2016—In defiance of governing Third Circuit precedent holding that Title VII’s bar on sex discrimination in employment does not encompass a bar on sexual-orientation discrimination, federal district judge Cathy Bissoon (in EEOC v. Scott Medical Health Center) denies an employer’s motion to dismiss the EEOC’s claim of sexual-orientation discrimination under Title VII.

Law & the Courts

This Day in Liberal Judicial Activism—November 2

(Pixabay)

1979—President Carter appoints Harry Pregerson to the Ninth Circuit, where Pregerson will remain in active service for the next 36 years.

The newly created seat to which Carter appoints Pregerson is one of ten additional seats on the Ninth Circuit created by a 1978 judicial-expansion act. That act increased the seats on the Ninth Circuit from 13 to 23—a 77% increase. Carter will fill all of the new seats (as well as some of the old ones). By appointing so many judges like Pregerson, Carter will turn the Ninth Circuit into a notorious bastion of liberal judicial activism.

2004—In a civil-forfeiture proceeding (titled United States v. $242,484.00), Judge Rosemary Barkett dissents from the en banc Eleventh Circuit’s ruling that the government had established probable cause to believe that $242,484 in cash seized by DEA agents from airline passenger Deborah Stanford was connected to illegal drug activity. The 10-member majority rests its conclusion on the combined force of facts that include:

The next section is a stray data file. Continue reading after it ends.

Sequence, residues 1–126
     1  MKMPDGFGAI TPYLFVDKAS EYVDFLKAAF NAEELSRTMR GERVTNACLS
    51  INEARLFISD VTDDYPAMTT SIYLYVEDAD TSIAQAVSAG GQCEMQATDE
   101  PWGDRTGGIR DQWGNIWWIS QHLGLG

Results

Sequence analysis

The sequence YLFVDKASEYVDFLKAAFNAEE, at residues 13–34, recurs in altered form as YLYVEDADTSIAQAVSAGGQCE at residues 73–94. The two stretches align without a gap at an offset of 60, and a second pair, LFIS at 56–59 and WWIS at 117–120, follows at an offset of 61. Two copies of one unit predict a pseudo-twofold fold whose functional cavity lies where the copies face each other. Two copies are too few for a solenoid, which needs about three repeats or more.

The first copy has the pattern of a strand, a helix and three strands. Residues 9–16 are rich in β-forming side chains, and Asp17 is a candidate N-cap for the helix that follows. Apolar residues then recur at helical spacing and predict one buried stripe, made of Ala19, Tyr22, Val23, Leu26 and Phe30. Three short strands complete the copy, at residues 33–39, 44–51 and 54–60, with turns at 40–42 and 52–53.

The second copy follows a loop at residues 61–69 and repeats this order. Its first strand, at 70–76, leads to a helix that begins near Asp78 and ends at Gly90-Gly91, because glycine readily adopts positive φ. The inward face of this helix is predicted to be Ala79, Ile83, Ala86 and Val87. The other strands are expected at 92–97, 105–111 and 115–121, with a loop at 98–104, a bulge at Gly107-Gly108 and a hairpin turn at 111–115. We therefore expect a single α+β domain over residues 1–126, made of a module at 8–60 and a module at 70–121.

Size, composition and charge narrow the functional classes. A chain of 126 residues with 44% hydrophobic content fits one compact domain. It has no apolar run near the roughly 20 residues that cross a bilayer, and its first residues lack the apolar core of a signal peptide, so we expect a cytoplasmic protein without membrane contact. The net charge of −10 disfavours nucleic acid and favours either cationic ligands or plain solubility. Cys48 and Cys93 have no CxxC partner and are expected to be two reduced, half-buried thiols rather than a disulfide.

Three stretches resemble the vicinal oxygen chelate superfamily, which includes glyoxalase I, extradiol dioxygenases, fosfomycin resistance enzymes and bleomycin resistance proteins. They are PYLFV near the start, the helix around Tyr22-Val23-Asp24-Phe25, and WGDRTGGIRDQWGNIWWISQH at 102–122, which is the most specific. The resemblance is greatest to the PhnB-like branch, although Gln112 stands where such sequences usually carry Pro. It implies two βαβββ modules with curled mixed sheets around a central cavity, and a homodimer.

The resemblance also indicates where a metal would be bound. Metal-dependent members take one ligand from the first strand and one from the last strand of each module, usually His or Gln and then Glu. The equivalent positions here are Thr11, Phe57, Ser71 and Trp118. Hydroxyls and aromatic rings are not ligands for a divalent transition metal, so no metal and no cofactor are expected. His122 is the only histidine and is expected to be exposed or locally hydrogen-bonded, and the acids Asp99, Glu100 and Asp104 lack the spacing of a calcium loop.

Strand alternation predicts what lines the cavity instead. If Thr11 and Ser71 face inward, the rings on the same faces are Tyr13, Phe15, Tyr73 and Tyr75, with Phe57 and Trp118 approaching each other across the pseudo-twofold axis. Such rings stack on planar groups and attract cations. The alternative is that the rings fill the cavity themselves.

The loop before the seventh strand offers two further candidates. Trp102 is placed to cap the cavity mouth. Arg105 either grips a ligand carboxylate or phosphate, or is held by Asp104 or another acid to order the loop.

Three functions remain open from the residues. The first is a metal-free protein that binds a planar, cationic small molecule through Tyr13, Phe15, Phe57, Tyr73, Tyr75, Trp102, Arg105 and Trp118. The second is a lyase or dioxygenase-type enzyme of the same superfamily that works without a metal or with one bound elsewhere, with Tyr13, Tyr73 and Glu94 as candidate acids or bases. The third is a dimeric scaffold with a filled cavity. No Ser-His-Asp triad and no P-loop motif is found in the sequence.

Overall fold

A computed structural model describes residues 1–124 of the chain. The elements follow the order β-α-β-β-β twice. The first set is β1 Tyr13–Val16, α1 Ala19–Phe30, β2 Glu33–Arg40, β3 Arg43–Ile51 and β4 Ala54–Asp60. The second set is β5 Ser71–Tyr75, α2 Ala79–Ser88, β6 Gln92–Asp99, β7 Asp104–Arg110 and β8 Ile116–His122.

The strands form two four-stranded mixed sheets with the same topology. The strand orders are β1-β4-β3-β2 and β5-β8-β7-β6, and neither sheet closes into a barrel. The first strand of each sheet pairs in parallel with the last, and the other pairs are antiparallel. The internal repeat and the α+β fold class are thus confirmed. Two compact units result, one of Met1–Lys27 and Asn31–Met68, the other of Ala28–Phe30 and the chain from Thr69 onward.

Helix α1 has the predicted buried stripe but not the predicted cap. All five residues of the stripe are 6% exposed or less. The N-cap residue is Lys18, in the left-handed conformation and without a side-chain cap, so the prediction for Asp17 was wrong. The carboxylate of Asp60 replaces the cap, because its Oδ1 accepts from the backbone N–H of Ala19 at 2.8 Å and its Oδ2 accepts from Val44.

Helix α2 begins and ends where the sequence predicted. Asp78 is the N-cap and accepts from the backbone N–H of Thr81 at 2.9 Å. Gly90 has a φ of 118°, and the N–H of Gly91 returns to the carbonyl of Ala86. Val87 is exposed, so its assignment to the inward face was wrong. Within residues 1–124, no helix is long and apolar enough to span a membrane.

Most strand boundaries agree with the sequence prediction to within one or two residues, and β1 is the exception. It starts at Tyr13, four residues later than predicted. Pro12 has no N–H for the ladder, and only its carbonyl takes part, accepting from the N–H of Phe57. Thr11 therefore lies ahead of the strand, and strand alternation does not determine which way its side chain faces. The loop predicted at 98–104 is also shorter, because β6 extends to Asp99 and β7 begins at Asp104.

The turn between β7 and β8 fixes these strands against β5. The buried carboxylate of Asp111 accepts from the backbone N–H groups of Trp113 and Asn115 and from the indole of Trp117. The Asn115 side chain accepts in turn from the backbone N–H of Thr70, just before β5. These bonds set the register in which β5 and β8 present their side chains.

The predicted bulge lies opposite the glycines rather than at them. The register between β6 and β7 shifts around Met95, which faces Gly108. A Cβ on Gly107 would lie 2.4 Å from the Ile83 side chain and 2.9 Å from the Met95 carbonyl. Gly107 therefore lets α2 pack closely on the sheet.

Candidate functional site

(1) Stanford was carrying 18,362 bills worth nearly a quarter of a million dollars and weighing some 40 pounds. Legitimate businesses generally find better, safer means of transporting large quantities of cash than stuffing it in a backpack. But other means would have generated a currency-transaction report.

(2) The bills were bundled in rubber bands in various denominations in a manner associated with drug organizations, and they were wrapped in a cellophane-type material known to be used by drug dealers to prevent discovery by drug-sniffing dogs.

(3) Stanford was traveling between New York and Miami, a known flight corridor for drug proceeds.

(4) As drug couriers often do, Stanford purchased her tickets with cash and changed her return date twice.

(5) Stanford insisted that she was unable to identify the people who gave her the cash, and she claimed not to know where she had met them and where she had stayed in New York.

(6) Stanford told conflicting stories about why she had traveled to New York, and she had no documentation to support her stories or the transfer of cash.

(7) A dog trained to detect narcotics identified the smell of narcotics from the cash in her backpack (after a hole had been poked in the cellophane wrapping).